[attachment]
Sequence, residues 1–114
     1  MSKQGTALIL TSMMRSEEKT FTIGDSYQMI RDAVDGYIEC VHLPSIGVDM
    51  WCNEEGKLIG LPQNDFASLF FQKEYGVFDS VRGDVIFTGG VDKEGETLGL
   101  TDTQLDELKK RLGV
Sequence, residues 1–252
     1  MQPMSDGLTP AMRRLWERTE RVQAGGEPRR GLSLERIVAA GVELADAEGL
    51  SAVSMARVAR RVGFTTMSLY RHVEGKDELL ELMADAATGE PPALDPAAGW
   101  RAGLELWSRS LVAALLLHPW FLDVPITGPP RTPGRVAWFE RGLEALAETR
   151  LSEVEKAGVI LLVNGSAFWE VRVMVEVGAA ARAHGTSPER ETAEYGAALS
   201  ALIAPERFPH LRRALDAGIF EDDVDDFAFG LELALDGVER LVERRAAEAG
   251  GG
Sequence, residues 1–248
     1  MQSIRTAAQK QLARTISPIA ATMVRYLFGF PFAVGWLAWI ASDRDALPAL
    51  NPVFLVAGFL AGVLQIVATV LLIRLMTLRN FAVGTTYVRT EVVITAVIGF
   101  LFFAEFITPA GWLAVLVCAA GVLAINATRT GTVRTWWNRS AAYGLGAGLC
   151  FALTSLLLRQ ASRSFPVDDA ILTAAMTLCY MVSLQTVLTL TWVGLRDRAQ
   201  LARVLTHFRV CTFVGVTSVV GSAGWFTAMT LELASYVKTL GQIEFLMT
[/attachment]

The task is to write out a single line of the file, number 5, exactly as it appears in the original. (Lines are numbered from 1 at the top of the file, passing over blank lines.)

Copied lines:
Sequence, residues 1–252